The Patterns of a Conservation Economy
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This mist-shrouded forest is providing a range of ecosystem services, including water and air purification, climate stabilization, flood control, and recreation.
Image by Adrian Dorst.

Ecosystem Services

Critical services like water purification, biodiversity maintenance, and climate stabilization are spontaneously generated by healthy ecosystems. Because these services are chronically under-valued in the marketplace, they are highly vulnerable to degradation.

Ecosystem services are those valuable, ongoing streams of benefits provided by thriving ecosystems. Just as economic capital provides steady financial returns, Natural Capital provides steady environmental returns in the form of ecosystem services. These services are inherently renewable, but require that the physical basis for the productivity and diversity of nature must not be systematically deteriorated.

Some of the most significant ecosystem services include: — purification of air and water — mitigation of floods and droughts — detoxification and decomposition of wastes — generation and renewal of soil and soil fertility — pollination of crops and natural vegetation — control of agricultural pests — dispersal of seeds and nutrients — maintenance of biodiversity — protection from ultraviolet rays — stabilization of climate — moderation of temperature extremes and the force of winds and waves — support of diverse human cultures — beauty and spiritual sustenance A recent study in the journal Science estimated the value of replicating just the most readily quantifiable of these services at $30-$40 trillion per year, which is roughly equivalent to the total Gross Planetary Product. Of course, ecosystem services are also beyond price, providing a source of cultural identity, of kinship with life, of learning, of evolutionary processes, and of soil, air, water, and Biodiversity which as yet have no engineering substitutes.

Ecosystem services are ultimately dependent on a system of Ecological Land-Use that maintains the integrity of the entire landscape. They also require freedom from systematic contamination, which can be achieved through Sustainable Materials Cycles.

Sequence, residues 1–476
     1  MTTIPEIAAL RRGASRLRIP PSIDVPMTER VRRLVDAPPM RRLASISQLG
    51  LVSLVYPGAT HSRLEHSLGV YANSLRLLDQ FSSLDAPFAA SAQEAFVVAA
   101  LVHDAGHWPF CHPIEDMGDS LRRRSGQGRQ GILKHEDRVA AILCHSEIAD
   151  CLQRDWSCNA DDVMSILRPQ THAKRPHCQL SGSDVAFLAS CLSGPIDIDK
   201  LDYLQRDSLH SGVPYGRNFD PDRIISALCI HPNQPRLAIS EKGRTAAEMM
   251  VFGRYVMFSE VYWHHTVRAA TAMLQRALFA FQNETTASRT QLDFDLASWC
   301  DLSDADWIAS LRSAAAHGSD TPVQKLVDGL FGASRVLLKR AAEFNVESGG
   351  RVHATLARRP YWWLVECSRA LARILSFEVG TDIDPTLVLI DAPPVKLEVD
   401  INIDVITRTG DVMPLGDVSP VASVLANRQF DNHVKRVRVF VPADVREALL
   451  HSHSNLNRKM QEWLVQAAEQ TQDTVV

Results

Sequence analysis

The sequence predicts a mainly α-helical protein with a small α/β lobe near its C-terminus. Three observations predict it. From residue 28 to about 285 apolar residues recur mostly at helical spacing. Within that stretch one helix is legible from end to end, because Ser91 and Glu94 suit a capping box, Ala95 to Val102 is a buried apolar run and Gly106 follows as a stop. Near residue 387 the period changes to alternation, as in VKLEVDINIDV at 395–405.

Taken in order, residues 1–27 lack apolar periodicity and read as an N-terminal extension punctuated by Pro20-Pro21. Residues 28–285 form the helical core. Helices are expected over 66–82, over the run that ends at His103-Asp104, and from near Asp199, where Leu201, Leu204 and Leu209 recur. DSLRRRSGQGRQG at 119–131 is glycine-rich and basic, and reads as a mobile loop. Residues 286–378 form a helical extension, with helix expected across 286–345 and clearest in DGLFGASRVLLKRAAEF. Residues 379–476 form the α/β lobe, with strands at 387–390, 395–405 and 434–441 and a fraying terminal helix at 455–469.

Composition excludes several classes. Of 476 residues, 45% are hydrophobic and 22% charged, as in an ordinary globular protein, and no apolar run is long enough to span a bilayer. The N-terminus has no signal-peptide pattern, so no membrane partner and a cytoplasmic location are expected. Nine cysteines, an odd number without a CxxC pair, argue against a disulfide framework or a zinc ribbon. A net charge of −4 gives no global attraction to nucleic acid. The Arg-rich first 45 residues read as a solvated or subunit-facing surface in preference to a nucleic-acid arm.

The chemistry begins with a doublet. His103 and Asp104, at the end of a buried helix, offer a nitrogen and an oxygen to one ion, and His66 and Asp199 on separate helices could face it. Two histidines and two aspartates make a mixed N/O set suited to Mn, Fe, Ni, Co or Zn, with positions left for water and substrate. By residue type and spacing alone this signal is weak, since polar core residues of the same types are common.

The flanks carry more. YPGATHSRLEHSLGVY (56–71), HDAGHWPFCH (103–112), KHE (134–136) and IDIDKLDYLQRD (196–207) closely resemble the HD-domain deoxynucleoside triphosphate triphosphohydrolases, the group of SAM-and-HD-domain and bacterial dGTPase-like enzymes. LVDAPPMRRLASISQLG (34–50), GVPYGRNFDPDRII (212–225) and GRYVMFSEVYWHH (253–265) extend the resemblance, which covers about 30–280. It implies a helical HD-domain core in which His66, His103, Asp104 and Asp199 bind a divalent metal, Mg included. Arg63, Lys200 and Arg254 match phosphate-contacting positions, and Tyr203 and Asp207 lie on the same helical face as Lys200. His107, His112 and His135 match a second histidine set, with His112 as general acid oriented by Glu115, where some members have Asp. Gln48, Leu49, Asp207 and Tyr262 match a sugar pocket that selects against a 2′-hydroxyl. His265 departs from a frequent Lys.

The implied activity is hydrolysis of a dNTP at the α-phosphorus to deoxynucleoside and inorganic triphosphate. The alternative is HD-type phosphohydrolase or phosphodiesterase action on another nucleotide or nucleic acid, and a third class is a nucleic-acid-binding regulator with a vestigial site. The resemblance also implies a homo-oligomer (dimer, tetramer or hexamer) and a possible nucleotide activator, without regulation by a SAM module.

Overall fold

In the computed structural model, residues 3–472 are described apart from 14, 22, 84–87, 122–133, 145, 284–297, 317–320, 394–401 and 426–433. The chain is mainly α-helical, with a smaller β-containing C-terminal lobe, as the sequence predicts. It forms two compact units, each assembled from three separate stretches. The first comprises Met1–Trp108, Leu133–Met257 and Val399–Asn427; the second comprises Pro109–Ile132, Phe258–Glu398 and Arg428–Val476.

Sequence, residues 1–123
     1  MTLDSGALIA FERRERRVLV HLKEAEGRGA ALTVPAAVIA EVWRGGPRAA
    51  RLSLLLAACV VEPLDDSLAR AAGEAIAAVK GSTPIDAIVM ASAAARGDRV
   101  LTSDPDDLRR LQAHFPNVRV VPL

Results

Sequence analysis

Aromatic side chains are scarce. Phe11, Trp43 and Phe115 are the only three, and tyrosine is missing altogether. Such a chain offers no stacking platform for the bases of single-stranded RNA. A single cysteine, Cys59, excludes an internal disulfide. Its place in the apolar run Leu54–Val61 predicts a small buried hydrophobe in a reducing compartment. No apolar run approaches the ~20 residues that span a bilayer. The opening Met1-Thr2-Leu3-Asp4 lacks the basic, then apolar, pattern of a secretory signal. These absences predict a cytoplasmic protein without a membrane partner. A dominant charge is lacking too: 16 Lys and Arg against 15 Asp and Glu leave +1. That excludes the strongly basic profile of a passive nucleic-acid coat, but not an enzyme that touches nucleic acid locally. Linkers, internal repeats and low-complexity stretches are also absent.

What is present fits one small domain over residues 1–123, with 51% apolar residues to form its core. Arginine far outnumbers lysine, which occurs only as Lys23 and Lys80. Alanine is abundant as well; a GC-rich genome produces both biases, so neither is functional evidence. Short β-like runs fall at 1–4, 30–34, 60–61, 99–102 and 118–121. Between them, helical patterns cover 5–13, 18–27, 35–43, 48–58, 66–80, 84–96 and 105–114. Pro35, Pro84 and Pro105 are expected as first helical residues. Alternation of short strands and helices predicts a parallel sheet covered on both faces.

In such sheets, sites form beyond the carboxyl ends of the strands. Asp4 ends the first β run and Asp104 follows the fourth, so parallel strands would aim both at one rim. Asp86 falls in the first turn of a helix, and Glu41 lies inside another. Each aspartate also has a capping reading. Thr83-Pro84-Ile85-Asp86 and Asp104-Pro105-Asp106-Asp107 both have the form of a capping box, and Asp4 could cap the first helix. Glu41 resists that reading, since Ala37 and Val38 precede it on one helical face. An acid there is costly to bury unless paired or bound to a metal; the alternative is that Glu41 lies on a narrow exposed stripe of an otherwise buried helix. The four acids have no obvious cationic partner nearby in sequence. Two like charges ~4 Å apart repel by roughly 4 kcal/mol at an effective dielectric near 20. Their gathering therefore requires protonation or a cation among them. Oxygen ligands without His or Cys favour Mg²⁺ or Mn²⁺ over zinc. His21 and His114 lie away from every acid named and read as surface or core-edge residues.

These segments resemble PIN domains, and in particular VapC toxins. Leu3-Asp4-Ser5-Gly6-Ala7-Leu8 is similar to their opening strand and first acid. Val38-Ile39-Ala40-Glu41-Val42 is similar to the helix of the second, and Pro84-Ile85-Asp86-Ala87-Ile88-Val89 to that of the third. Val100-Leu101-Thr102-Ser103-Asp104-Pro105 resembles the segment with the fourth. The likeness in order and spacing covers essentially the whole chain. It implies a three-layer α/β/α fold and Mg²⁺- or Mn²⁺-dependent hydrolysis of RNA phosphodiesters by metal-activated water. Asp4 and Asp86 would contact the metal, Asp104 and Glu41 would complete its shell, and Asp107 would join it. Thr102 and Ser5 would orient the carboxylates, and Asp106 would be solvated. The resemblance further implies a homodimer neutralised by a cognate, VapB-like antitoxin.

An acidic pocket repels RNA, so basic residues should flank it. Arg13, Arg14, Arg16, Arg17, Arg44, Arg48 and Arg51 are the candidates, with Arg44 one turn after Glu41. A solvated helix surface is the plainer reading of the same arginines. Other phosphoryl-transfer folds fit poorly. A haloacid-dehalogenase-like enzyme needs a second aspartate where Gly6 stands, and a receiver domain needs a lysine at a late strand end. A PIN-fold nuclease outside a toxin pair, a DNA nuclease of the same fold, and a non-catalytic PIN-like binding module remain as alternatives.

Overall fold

Ecosystem services can provide an important new source of economic incentives for land conservation. In the case of the New York City water supply, water purification services provided by the Catskills watershed over the last century have been the basis for the municipal water supply. When the municipal system began to deteriorate in the 1990s, the City faced a choice between investing up to $8 billion in a state-of-the-art treatment system or about $1.5 billion to protect and restore the Catskills watershed. In this case, the choice to protect the watershed was made essentially because of the economic benefits provided by the watershed's stream of ecosystem services.

Protect the health of ecosystems in order to maintain their flow of ecosystem services. Identify and value streams of ecosystem services as a way to provide incentives for conservation.

Examples of this pattern in action:

Pacific Forest Trust
The Pacific Forest Trust works to enhance, restore and preserve the private productive forestlands of the Pacific Northwest, with a focus on California, Oregon and Washington. PFT's goal is to keep private forests healthy, whole and providing a wide range of services.

Organizations whose work incorporate this pattern:

Oregon Water Trust

Trexler and Associates


Daily, Gretchen C. Nature's Services: Societal Dependence on Natural Ecosystems. Island Press. Washington, DC. 1997.

Daily, Gretchen C and Ellison Katharine. The New Economy of Nature. Island Press. Washington, DC. 2002.

Heal, Geoffrey. Nature and the Marketplace: Capturing the Value of Ecosystem Services. Island Press. Washington, DC. 2001.

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Pattern Index

A Conservation Economy

Social Capital

Fundamental Needs

Subsistence Rights

Shelter For All


Access To Knowledge


Social Equity


Cultural Diversity

Cultural Preservation

Sense Of Place

Beauty And Play

Just Transitions

Civic Society

Natural Capital

Ecological Land-Use

Connected Wildlands

Core Reserves

Wildlife Corridors

Buffer Zones

Productive Rural Areas

Sustainable Agriculture

Sustainable Forestry

Sustainable Fisheries


Compact Towns And Cities

Human-Scale Neighborhoods

Green Building

Transit Access

Ecological Infrastructure

Urban Growth Boundaries

Ecosystem Services

Watershed Services

Soil Services

Climate Services


Economic Capital

Household Economies

Green Business

Long-Term Profitability

Community Benefit

Green Procurement

Renewable Energy

Sustainable Materials Cycles

Resource Efficiency

Waste As Resource

Product As Service

Local Economies

Value-Added Production

Rural-Urban Linkages

Local Assets

Bioregional Economies

Fair Trade

True Cost Pricing

Product Labeling